7 comments

  1. NewShoot

    Thanks for the meta-post, well-timed for my current musings. You say no party can be completely in tune with an individual's views. I'd be interested to know whether there is any LD policy you really disagree with?

    I ask because I'm 'liberal' (I hope!) and have recently thought more and more about becoming Liberal D, but although there's a lot of good there, I still disagree with one main policy…

    I think they're a better fit to my views than any other party, so tend to vote that way, but still not quite convinced enough to join…which is perhaps a daft attitude – but there's more to politics than logic?

  2. SomeBeans

    @NewShoot I disagree with LibDem policy on nuclear power and GM crops, which is probably a bit unusual!

    Logically one should consider each issue separately and come to conclusions divorced from political allegiance – but life is too short!

    As I said back in my first political blog post, way back here – I rely on the party to be roughly in tune with my views without my intervention, which fits in with this article which comments that liberals believe in individual liberty but then spoils it by saying we're egotists!

    Looking at both this post and my previous one, I joined a political party because of my very general beliefs about politics and the Liberal Democrats because of their approach to politics rather than primarily their political philosophy but broadly it's a political philosophy I'm happy with.

  3. NewShoot

    It was the anti-nuclear-power that troubles me too – and I spent 5 years in renewable energy research! We're going to need both – renewables certainly should be the long-term goal (and we need to include 'extreme' renewables in there like mega desert solar) but we need nuclear to tide us over in the short term (50-100 yr timescale) Carbon-based fuels are getting too precious to burn (except to go off-planet ;-))

    I hadn't picked up on the GM crops…presuming you're pro…distortion and fear again holding back developments that could change the world.

    I'd join a political party that would take a hard honest look 30 years into the future and base forward-planning around world scenarios then – and then educated and communicated as to why decisions like going nuclear will be needed if we wish to retain our quality of life (hmm, that last sounds selfish – not thinking of future generations dealing with our waste and all that – but imagine the middle-class anarchy when we get asked to give up our central heating to preserve gas supplies :-p)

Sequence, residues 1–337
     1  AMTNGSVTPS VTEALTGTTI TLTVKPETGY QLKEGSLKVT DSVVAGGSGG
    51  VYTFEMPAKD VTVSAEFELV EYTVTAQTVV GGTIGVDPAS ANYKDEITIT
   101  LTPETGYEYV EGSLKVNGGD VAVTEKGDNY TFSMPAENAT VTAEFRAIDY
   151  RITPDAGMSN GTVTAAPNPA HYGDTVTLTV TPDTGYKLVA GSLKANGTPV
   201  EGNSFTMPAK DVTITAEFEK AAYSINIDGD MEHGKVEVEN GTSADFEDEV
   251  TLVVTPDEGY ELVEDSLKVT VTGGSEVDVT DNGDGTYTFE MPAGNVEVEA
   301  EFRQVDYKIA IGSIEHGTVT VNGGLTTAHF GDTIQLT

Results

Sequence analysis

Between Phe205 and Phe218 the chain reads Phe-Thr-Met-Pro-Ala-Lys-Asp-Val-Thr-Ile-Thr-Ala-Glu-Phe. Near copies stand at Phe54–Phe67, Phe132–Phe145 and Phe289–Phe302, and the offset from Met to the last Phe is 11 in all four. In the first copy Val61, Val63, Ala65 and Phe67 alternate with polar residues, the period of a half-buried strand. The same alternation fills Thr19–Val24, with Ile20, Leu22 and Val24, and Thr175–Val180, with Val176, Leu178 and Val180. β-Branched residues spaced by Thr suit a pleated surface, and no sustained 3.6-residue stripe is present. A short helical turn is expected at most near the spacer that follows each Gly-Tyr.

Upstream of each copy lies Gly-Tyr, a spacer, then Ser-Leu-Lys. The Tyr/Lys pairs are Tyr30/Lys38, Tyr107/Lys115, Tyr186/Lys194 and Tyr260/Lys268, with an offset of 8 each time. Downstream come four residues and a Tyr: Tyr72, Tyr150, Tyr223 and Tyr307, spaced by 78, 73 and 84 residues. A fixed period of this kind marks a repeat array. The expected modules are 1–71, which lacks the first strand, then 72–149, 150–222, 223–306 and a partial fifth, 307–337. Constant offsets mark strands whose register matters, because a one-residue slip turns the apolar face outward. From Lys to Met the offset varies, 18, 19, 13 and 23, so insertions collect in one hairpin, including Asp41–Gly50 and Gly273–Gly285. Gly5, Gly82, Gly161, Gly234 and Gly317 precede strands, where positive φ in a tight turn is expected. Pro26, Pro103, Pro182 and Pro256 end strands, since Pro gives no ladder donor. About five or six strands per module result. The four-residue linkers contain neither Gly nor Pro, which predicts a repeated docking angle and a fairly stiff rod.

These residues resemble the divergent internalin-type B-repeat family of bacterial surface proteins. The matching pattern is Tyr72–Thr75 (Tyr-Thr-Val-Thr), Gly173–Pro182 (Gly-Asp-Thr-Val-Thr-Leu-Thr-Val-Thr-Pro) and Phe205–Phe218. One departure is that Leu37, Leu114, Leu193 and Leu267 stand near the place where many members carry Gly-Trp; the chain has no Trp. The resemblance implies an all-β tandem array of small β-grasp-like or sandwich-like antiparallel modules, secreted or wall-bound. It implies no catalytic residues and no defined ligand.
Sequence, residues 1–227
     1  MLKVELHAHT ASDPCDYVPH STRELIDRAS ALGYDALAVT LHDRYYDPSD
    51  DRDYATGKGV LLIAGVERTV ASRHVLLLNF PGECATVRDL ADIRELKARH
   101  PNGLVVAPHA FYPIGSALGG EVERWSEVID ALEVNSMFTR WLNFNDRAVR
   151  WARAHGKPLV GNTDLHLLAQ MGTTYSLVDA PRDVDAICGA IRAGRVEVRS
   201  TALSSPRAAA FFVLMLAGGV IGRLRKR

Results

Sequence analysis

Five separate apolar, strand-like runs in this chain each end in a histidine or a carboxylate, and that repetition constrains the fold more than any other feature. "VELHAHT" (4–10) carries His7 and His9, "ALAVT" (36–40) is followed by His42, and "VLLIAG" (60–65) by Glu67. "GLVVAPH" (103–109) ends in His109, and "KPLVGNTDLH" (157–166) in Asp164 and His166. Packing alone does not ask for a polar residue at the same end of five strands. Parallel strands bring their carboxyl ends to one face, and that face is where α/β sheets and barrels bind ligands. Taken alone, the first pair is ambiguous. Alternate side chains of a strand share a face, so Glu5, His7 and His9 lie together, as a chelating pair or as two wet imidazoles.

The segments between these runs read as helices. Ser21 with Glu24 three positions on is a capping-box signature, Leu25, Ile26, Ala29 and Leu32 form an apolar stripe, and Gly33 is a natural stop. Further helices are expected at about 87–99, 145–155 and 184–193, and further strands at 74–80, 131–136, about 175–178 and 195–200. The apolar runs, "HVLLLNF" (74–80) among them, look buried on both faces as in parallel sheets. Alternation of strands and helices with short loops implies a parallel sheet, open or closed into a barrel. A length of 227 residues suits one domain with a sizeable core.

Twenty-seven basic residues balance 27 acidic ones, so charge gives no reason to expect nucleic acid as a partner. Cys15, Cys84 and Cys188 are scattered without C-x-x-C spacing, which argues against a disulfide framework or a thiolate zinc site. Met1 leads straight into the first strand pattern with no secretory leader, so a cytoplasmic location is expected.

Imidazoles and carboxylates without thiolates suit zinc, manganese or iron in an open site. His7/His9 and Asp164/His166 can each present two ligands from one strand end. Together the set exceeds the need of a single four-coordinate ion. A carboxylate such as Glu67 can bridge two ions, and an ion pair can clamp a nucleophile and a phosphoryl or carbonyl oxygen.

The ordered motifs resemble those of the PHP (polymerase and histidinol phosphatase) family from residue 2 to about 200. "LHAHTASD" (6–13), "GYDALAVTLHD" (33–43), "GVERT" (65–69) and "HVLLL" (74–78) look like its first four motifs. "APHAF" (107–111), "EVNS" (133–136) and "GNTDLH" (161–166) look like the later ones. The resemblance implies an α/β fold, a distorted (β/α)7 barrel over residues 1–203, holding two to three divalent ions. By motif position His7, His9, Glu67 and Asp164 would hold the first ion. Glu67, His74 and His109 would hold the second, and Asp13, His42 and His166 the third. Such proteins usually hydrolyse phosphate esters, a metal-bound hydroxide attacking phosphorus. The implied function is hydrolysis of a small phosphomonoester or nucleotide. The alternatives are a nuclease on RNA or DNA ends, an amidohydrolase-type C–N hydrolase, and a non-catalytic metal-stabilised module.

4. SomeBeans

    @newshoot 30 years is 6 parliaments and 30 years ago predates the merger of the Liberal Party and the SDP! So this is quite a challenge for any political party – climate change is one area where policy has to be set on this stage. I'd argue that care for the elderly is a similar area.

    I see more scope for influencing policy as a member in the LibDems than I do in other parties (it's not something I'm active in though).

  5. mike

    Good article.
    There a lots of lib Dems who realise we must give consideration to new nuclear and personally I think the coalition has got the balance right and I hope coalition policy becomes party policy.

    I wrote a thesis on nuclear power at university and there was no scientific or economic case to exclude nuclear for dogmatic reasons, so ive got some background info too.

    I'd suggest you join the party and get involved in the debate, as I think the lib Dems are taking a much more scientific approach to policy making these days than ever before. I spoke to a rep from the nuclear industry trade body at lib Dem conference and she told me lots of delegates had expressed support for a rethink on blanket opposition to nuclear.

    One of the reasons I'm a lib Dem is because they do rely much more on empirical evidence than tabloid pleasing scare stories – ie on drugs.

  6. cromercrox

    Interesting – from your tweets I'd have put you down as a slightly wayward Tory. But then, all Tories are a bit wayward. I'm one myself.

  7. SomeBeans

    @cromercrox Labour's approach post-election probably means that most LibDems would look slightly Tory by being in reaction to them.

    I'm Greener and more socially liberal than the old Tory party, and I'm more pro-European and less small-statist than the current party. I've never been aware of the different strands of LibDemism prior to the election.

    It would be interesting to see how I would have appeared politically pre-election.